The internet is full of information, and the total amount of data is constantly growing.
Anytime you want to know something, you type it in a search bar and receive a list of a few pages out of the trillions existing online.
Have you ever wondered how search engines know where to look? If so, web crawlers are the answer.
Although search engines offer easy access to all the information online, web crawlers play a crucial role in curating the content.
But what is a web crawler, and what technical strategies does it entail? Stick with us to find out!
What Is a Web Crawler and How Does It Work?
Web crawlers, also known as bots and spiders, crawl the internet for indexing purposes.
Your search engine doesn’t work magically to display the particular websites you need when you’re searching. This specialized program crawls and indexes the websites to deliver the pages for phrases and keywords people look for.
Consider you went grocery shopping. You’d walk into the store and look through several products before purchasing.
Likewise, search engines like Google use web crawlers to help browse the World Wide Web for pages before storing the page information for future searchers.
The search engine crawls websites by moving between the links on the pages. They gather information about the page and store it in the index.
Later, the Google algorithm sorts them out for specific words to collect and rank for users.
In case you want to dive deeper into the topic, read this article: What is a web crawler and how does it work?
The Purpose of Web Crawlers
Anyone who wants their website to rank in search engines uses a web crawler. If you do not crawl your website, it would never appear in the search engine - even if you copy an entire paragraph and paste it into the search bar.
Simply put, your website would not exist unless you crawl it.
You must give your website the wings needed to appear in search results and reach the target audience, mainly if you aim to increase the traffic.
Technical Strategies Applied In Web Crawlers
On the surface, web crawlers serve a clear and direct purpose. Nonetheless, they involve several technical strategies to achieve the desired action. These include:
Web Page Acquisition and Analysis
The core idea behind a web crawler is to emulate a web server to make an HTTP request.
Then, the bot uses the HTTP request to send requests to the browser. Once the crawler receives a response from the server, it evaluates and stores the page and completes the work.
Web page parsing is primarily a de-noising technique for web pages. All information on the internet is stored in the form of HTML.
De-noising is about extracting the text of the web content. When the crawler extracts the web page content, it parses the HTML structure to pull out relevant data from the page.
Once spiders access the data, they use two storage techniques: saving the information to the database or storing it in the local file.
Large data is generally saved in the database, whereas a small amount of data can be saved directly to the local file.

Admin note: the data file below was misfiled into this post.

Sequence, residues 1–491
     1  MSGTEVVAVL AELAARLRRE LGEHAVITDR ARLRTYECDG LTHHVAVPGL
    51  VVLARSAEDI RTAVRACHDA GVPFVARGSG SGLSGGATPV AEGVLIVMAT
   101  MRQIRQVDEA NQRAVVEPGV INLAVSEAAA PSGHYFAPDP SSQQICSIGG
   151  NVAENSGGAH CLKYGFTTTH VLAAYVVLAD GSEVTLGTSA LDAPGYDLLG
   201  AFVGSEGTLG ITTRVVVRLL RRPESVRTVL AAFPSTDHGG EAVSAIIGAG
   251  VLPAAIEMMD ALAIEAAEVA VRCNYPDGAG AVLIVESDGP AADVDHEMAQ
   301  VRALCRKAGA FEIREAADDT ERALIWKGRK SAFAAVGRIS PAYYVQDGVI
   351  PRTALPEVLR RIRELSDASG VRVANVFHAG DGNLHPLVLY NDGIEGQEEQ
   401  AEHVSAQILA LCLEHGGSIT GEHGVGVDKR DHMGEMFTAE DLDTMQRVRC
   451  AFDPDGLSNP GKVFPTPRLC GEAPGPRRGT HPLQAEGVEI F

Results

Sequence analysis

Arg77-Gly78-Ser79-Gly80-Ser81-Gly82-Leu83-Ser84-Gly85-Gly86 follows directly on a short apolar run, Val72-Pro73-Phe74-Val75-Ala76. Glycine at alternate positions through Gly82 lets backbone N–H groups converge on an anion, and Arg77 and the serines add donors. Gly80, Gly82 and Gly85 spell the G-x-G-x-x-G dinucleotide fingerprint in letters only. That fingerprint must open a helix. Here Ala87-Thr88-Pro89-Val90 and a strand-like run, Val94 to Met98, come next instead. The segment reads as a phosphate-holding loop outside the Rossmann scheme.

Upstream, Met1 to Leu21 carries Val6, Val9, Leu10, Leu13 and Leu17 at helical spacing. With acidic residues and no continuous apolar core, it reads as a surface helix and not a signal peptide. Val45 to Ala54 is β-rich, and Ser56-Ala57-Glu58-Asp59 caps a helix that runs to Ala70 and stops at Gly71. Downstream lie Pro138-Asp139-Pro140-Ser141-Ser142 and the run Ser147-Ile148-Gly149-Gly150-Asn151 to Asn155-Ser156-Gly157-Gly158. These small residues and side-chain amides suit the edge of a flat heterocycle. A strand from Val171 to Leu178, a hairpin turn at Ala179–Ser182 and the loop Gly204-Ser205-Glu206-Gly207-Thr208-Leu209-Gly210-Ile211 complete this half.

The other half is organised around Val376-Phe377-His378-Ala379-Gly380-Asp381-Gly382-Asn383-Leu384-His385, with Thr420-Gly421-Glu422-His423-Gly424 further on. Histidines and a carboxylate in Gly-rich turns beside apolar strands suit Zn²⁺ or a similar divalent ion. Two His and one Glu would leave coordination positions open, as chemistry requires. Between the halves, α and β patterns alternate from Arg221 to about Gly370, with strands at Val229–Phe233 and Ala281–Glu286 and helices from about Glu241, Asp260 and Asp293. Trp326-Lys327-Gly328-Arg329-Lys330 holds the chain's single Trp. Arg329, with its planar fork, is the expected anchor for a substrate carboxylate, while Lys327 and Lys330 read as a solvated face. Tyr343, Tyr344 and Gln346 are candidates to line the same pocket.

This database can utilize the Redis (Remote Dictionary Server) database - a high-performing memory-data structure store used as a key-value database.
This database is characterized by disorganization and no repetition. Every time the bot deals with the page or a URL, it will check whether the Redis database exists.
Also, it may store memory contents on a disk. However, each operation is atomic, ensuring bot authenticity - the spider won’t lose any data due to an unforeseen halt.
Web Search Strategy
The web search strategy has three primary categories.
The depth-first strategy evaluates the first page before jumping to the next. Nonetheless, one drawback is that the high-value links provided by some portal sites weaken the web pages’ value as it continues to crawl. On top of that, the deeper the crawlers dig, the more problems they can create owing to the complex internet structure.
The breadth-first strategy is for more generic cases. It allows searching through tree-split levels. So, if the current search is incomplete, it won’t move to the next level. It will explore the whole knowledge area and reduce the efficiency.
The optimal search strategy detects the similarity between user web pages and target web pages to perform the first crawl. It only analyzes the passed web page for evaluating and predicting. However, it has a downside: it might ignore related web pages during the crawling process.
Case Uses of Web Crawlers
Check out curated some popular use cases of web crawlers below:
People around the globe use web crawlers for collecting information about business competitors or the financial sector. Most importantly, they gather customers' data and evaluate their habits, wants, and needs through analysis and data mining.
Every time users browse for information on the web, the content's freshness and relevance are the most critical factors. Crawler collects valuable data, conducts analysis, and obtains pertinent information.
Several secure documents are collected for evaluation to detect which one holds malicious content, identifying the safe ones and forming the feature library. Crawler technology helps test, analyze, and compare the file to the feature library and determine if it's safe or not.
Perhaps now you know what is a web crawler and what technical strategies it uses. Crawlers sort and filter through web pages to help search engines understand what each page is about.
Though web crawlers have been around for some time now, their potential gained the limelight recently. Today, thousands of businesses use it to gain insight into useful competitor data.
We at OpenGrowth, are committed to keeping you updated with the best content on the latest trendy topics from any major field. Also, both your feedback and suggestions are valuable to us. So, do share them in the comment section below.